9. 9. pean cities, and particularly the disjuncture between expectations and prospects among subsequent generations. For some—and it takes only a few—these conditions can foster political violence. How to address these challenges—let alone, how to remedy the larger and re- lated problems of inequality and unemployment—should be major parts of today’s public debate. Instead, public discourse has been filled with voices of hatred and fear of Mus- lims, for whom the refugees are surrogates. These messages need to be coun- tered foremost because they are wrong. In the modern world of easy air travel and rapidly shifting populations, Muslims are part of almost every vibrant com- munity. Like everyone, they should not face discrimination. Vilifying entire communities for the unacceptable actions of a few is also coun- terproductive for the effort to prevent terrorism. It is exactly the divisive and alienating response that terrorist groups seek to generate more recruits. And it undermines the cooperation with law enforcement efforts that is essential for preventing terrorist attacks. By virtue of their community or neighbors, Muslims are often the ones most likely to learn of a terrorist threat based on radical Islam, best suited to dissuade others from such violence, and best positioned to report those who might be planning to use it. Tarring all Muslims risks discouraging them from these important forms of law enforcement cooperation. We should learn from the abusive and self-defeating US response to the Septem- ber 11, 2001 attacks—not only the notorious torture, enforced disappearances in CIA “black sites,” and long-term detention without trial at Guantanamo Bay, but also the use of immigration and “material witness” rules to detain non-citizens because of their religion or ethnicity while circumventing more rights-protective criminal procedures. Discarding rights or scapegoating people of a certain religious or social profile harms those people while distancing them from counterterrorism efforts. It is the opposite of what is needed. As painful experience shows, the smart counterter- rorism policy is the rights-respecting one. 3 HUMAN RIGHTS WATCH Blaming Refugees or Muslims while Missing the Boat on Terrorism The estimated one million asylum seekers who have fled to Europe by sea in the past year are among the more than 60 million people now displaced by war or re- pression—the highest figure since World War II. The biggest driving force recently has been the brutal conflict in Syria, due in part to atrocities committed by ISIS and other armed groups but foremost to Bashar al-Assad’s government indis- criminately attacking civilian population centers in opposition-held areas. Some 4 million Syrian refugees initially fled to neighboring countries, including more than 2 million to Turkey and another million to Lebanon where they now com- prise nearly a quarter of the population. The million or so reaching Europe in the past year are just a fraction of the popu- lations of the European countries where they are heading—some 1.25 percent of the population in Germany, where the largest group sought refuge in light of Chancellor Angela Merkel’s remarkable leadership and welcome, or 0.20 percent of the total European Union population, if resettlement sharing occurs. But the uncontrolled and at times chaotic refugee flow had sparked deep con- cern throughout Europe even before ISIS attacked Paris in November, using at least two attackers who may have entered Europe with the refugees. That attack intensified the EU’s reaction: new wire-razor fences were erected, border restric- tions mushroomed, fear-mongering and Islamophobia mounted, and the EU promised Turkey €3 billion in aid with the understanding that Turkey would cur- tail the flow. These steps reflect the EU’s longstanding effort to push responsibil- ity for refugees to others, despite having ratified the conventions to protect refugee rights, and despite Europeans having historically benefited from refugee protection as they fled Nazism and Communism. To a large extent, Europe’s preoccupation with the new refugees as a possible terrorist threat is a dangerous distraction from its own home-grown violent ex- tremism, given that the Paris attackers were predominantly Belgian or French cit- izens. The roots of radicalization are complex but relate in part to the social exclusion of immigrant communities—the persistent discrimination, hopeless- ness, and despair that pervade neighborhoods on the outskirts of some Euro- WORLD REPORT 2016 2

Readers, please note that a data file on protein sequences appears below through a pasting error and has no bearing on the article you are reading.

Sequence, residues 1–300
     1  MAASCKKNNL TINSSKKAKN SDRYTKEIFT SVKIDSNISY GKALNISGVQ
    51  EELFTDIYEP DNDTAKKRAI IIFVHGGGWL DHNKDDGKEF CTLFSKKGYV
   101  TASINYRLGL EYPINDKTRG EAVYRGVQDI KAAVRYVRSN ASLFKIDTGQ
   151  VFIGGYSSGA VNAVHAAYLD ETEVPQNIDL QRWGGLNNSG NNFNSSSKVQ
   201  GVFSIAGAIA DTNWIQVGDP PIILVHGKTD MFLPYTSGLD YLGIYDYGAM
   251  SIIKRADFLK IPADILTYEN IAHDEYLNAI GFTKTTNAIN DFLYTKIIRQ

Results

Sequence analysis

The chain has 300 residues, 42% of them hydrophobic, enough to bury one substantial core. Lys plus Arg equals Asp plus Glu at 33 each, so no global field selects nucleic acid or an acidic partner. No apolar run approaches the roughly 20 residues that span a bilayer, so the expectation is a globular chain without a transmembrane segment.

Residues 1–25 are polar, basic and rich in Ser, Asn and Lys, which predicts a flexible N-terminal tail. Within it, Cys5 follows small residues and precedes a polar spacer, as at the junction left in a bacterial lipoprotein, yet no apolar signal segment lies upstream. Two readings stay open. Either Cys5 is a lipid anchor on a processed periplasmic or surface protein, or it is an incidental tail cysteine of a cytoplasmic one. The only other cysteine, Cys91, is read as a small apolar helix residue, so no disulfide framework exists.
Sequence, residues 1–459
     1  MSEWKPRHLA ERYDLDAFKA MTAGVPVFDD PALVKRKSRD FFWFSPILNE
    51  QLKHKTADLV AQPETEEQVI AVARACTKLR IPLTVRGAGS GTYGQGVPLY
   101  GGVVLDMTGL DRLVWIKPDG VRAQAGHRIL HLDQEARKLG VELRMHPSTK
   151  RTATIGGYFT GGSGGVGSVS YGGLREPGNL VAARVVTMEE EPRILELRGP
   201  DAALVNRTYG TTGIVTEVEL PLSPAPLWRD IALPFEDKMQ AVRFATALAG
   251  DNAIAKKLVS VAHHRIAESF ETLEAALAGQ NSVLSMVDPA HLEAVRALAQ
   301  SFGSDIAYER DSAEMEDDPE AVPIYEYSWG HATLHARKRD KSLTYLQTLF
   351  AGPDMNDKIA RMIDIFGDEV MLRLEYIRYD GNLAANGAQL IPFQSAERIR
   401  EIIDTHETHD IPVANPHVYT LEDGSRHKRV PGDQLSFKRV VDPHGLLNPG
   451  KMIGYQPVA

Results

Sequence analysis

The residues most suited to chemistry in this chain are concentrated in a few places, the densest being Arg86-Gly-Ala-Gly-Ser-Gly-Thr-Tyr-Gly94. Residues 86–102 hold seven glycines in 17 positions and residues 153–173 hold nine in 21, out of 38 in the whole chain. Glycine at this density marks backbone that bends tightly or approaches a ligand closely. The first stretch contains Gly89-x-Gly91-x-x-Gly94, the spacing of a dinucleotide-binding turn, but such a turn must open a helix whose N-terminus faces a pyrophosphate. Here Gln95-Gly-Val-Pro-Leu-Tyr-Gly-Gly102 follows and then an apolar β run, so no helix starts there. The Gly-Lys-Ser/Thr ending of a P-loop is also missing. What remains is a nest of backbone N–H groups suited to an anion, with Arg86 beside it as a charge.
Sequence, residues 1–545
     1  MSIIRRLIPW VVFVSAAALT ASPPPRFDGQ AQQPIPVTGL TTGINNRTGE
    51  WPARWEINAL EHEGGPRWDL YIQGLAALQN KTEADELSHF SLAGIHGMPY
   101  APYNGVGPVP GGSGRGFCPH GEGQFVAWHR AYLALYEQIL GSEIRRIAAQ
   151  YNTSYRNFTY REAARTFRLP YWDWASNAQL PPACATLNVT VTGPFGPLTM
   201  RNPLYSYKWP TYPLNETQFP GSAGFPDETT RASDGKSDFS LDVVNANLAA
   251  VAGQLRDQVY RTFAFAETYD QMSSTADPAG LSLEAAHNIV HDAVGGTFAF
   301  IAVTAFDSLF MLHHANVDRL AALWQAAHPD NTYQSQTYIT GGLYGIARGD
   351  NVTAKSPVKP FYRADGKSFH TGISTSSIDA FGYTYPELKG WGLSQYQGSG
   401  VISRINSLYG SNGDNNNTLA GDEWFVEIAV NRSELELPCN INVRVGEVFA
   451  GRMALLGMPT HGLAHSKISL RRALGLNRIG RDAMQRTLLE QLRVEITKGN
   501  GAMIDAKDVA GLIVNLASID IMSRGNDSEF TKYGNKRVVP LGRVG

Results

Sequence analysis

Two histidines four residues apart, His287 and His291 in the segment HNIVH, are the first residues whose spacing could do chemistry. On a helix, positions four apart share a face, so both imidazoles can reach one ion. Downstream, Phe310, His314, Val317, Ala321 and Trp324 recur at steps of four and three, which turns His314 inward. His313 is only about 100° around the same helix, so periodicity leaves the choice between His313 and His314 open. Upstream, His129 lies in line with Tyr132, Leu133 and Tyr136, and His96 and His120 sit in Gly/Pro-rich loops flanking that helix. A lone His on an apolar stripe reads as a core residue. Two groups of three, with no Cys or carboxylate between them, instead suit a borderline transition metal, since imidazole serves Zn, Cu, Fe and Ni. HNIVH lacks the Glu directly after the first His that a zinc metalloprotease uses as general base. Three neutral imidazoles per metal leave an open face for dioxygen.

10. 10. mentation of an EU plan for organized relocation combined with the proliferation of beggar-thy-neighbor fences in countries such as Hungary, Slovenia, and Mace- donia has contributed to the massive, uncontrolled flow of people that is a gift for those who want to evade law enforcement scrutiny. Here, too, a more orderly process, with all EU countries living up to their pledges to accept asylum seekers, would permit more effective screening, while provid- ing a safer route as an incentive for asylum seekers to participate. It would also be the first step towards shared responsibility across the EU, which is needed for the common EU asylum system to function effectively and to avoid overwhelm- ing individual EU countries. In addition, it could help to replace the current Dublin Regulation, which imposes responsibility for asylum seekers on first-ar- rival countries, which include some of the EU members least capable of manag- ing them. Europe is not alone in adopting a counterproductive approach to refugees, espe- cially those from Syria. In the US, some officials and politicians have been de- nouncing Syrian refugees as a security threat even though the handful permitted into the US have gone through an intensive two-year screening process involving numerous interviews, background checks by multiple US agencies, and biomet- ric data. That is hardly an attractive route for would-be terrorists, who are more apt to enter as students or tourists subject to much lower scrutiny. Of all people entering the US, refugees are the most heavily vetted. Yet, 30 governors in the US tried to bar Syrian refugees from being resettled in their states. The idea was even floated (though broadly rejected) of blocking Muslim non-citizens from entering the country altogether. Canada, under its new prime minister, Justin Trudeau, offered a very different initial response: acceler- ating the reception of 25,000 Syrian refugees and spreading them to a largely warm welcome across all 10 provinces. Setting a tone of respect over fear and distrust, he personally greeted the first planeload of refugees at the airport. Mass Surveillance Versus Smart Responses to Terrorism Beyond scapegoating refugees, policymakers in the US and Europe have used the terrorist threat as an opportunity to seek greater law-enforcement powers, in- 5 HUMAN RIGHTS WATCH Protecting Refugees also Protects Recipient Countries The desperate flight of refugees and asylum seekers from unending violence and abuse in countries such as Syria, Iraq, Afghanistan, and Eritrea, and their limited chance to secure adequate work, housing, schooling, and legal status in neigh- boring countries, will lead many to attempt to reach Europe one way or another. The question is whether they arrive in an orderly fashion that permits security screening, or chaotically through smugglers. The effect of European policy so far has been to leave refugees with little choice but to risk their lives at sea for a chance at asylum. With boats arriving helter- skelter at various Greek islands, it is difficult to screen systematically to stop a would-be terrorist from slipping in. A safer and more humane alternative would be for the EU to increase refugee resettlement and humanitarian visas from places of first refuge such as Lebanon or Pakistan. The United Nations refugee agency, UNHCR, if adequately supported, could in- crease its capacity to screen refugees and refer them to resettlement countries. With expanded resettlement programs, Europe could signal that its doors will not shut abruptly, so there is no urgent need for refugees to board rickety boats to cross the Mediterranean, where some 3,770 drowned in 2015, a third of them children. More orderly screening would also make Europeans safer. In addition, greater capacity to process refugees in countries of first asylum would facilitate resettlement in the countries beyond Europe that should be doing more—not only traditional recipient countries such as the United States, Canada, and Australia, but also the Gulf states and Russia. Not every asylum seeker will choose this more orderly route, nor as a matter of right should they be required to. Its success will depend in large part on its gen- erosity: the more that refugees feel it provides a reasonable chance of resettle- ment without languishing for years in a camp, and the more they can lead normal lives while waiting, the less likely they are to embark on a dangerous al- ternative. A viable resettlement program would help to reduce the irregular flow that is overwhelming screeners on Europe’s southern shores. The asylum seekers who manage to enter Europe via Greece or Italy face similar chaos if, as most do, they continue to make their way north. The sluggish imple- WORLD REPORT 2016 4